Burgum May Be a Threat to the Status Quo in Higher Education and That’s a Very Good Thing
Governor Doug Burgum delivered a commence address to graduates at North Dakota State University this weekend.
Prior to the speech faculty at the university expressed anxiety about his policy agenda for higher education in our state. They were right to be anxious, I think.
He concluded his address urging courage.
“Courage to challenge the status quo, courage to challenge existing power structures because sometimes these power structures exist only to defend themselves and their past, rather than participating in reinventing themselves to define and create our collective future,” he said.
The message was intended for the students, but he may as well have been talking to the belligerently entrenched faculty, administrators, and politicians who seem to think that we should be serving our state’s institutions of higher education as opposed to those institutions serving us.
At least, that’s how I took the governor’s remarks. I look forward to hearing him explain more.
[mks_pullquote align=”right” width=”300″ size=”24″ bg_color=”#ffffff” txt_color=”#000000″]”No organization, regardless of its prior longevity, nor its traditions, nor its power base, will be immune to the forces of change,” Burgum told the graduates. Change is coming, in other words, whether we like it or not.[/mks_pullquote]
The priorities pursued by many of our state’s universities have been completely backward. The goal of providing students with a valuable education they can deploy in pursuit of their careers has taken a backseat to bloated sports programs and local economic interests. When university leaders push for enrollment growth at their institutions it’s not about serving the students. It’s about justifying bigger campuses, bigger budgets, and driving more commerce into local economies.
After all, more students means more apartments rented. More pizzas delivered. More purchases at stores.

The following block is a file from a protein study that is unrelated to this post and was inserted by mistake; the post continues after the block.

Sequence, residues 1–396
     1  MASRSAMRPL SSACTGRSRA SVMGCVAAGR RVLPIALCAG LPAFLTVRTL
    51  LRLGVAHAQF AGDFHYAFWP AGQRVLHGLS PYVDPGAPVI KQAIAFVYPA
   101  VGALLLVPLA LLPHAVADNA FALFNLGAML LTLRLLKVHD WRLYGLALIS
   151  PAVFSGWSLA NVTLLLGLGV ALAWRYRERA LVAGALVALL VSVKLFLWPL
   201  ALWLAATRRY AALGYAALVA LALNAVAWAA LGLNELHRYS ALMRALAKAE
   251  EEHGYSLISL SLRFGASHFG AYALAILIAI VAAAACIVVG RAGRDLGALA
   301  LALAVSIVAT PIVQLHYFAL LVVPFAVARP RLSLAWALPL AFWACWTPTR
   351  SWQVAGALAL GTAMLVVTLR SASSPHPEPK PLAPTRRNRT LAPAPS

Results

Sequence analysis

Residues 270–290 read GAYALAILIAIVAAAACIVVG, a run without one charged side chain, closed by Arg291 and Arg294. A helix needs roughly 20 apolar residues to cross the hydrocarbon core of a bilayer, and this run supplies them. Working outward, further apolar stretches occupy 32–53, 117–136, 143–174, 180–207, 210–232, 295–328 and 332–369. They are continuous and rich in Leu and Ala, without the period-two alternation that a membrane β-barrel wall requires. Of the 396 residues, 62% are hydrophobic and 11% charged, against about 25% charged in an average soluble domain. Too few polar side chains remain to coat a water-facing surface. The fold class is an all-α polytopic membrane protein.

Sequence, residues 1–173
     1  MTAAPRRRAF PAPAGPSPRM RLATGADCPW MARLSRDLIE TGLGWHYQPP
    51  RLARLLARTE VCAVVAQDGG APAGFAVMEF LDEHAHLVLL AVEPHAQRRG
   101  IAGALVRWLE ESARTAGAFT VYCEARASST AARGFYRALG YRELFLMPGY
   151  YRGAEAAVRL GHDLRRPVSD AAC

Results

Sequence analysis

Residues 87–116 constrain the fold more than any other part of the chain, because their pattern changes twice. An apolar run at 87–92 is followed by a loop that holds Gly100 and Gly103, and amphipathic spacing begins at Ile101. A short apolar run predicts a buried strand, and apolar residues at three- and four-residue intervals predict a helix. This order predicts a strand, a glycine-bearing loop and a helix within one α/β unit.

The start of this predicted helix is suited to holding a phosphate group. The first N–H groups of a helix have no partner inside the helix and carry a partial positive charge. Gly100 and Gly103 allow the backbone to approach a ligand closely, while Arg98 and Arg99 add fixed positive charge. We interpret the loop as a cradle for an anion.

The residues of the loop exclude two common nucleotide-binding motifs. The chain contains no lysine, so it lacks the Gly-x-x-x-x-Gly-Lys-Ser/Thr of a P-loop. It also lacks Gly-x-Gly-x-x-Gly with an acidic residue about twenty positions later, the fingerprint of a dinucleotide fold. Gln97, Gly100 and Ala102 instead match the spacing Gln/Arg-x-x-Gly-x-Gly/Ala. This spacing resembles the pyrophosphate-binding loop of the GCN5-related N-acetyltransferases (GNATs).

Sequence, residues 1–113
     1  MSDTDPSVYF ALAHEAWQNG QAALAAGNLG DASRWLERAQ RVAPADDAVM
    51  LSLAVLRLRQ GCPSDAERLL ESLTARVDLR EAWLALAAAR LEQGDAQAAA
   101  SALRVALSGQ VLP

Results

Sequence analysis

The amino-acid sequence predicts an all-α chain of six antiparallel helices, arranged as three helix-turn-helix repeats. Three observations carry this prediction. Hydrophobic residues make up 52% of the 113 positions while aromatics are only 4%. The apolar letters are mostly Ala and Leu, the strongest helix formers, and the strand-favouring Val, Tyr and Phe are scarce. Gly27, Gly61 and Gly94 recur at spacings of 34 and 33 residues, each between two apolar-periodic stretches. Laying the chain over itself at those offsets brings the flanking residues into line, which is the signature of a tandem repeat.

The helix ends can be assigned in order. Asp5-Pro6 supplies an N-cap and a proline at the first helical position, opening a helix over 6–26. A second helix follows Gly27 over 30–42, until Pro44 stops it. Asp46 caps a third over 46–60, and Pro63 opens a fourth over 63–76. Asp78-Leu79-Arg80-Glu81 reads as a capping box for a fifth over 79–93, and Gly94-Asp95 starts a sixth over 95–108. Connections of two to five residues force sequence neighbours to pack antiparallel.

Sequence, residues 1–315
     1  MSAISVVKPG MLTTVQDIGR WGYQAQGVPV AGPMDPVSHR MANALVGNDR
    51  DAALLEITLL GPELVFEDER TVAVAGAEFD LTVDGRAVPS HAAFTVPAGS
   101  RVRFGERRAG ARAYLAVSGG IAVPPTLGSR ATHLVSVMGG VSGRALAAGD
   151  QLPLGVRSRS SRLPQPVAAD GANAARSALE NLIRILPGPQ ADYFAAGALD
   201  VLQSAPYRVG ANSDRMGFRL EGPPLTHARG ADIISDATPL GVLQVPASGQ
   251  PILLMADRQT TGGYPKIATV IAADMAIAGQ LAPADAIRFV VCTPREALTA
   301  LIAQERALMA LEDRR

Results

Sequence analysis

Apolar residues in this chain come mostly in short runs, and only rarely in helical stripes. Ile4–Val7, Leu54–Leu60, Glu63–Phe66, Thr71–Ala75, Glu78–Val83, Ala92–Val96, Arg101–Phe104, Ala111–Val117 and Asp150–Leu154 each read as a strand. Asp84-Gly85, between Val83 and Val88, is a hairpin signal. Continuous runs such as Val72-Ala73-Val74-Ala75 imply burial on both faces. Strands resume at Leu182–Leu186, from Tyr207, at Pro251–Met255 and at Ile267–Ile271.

While our university leaders have been building their little empires the reality of education has shifted under their feet. College degrees are becoming less important to employers than things like skills and experience. Google, for instance, doesn’t put a lot of emphasis on degrees. Companies like that just want people who can do things, and these days you can learn to do a lot of things outside of the traditional college experience.
Which isn’t to say that degrees are worthless, or a thing of the past. Only that they’re treated differently in the modern economy. I’m not sure our state’s institutions, or their defenders, understand that yet.
“No organization, regardless of its prior longevity, nor its traditions, nor its power base, will be immune to the forces of change,” Burgum told the graduates.
Change is coming, in other words, whether we like it or not.
I’m excited to learn more about Burgum’s vision for adapting to that change. If I had my way we’d close several of the state’s public campuses, end the millions of dollars in subsidies to the sports programs, slash and burn programs which are duplicated within the university system, and refocus those resources on serving the students in pursuit of skills and knowledge they can use in careers.
Particularly those careers which might keep them in North Dakota.
But I am an apostate to the world of higher education. A philistine who cares very little for burnishing the glory of any given institution, or operating colleges to stimulate business for landlords and restaurant owners. I believe there’s nothing wrong with students expecting some return on investment for the time and money they spend on pursuing their educations. I believe the true measure of success in higher education is not sports championships or enrollment size or the number of buildings on campus but rather how many students are able to use the education they received to prosper.
Maybe Burgum feels that way too.
If he does, I hope he’s ready for a fight to implement that vision, because there are powerful people with deep emotional and financial roots in the status quo.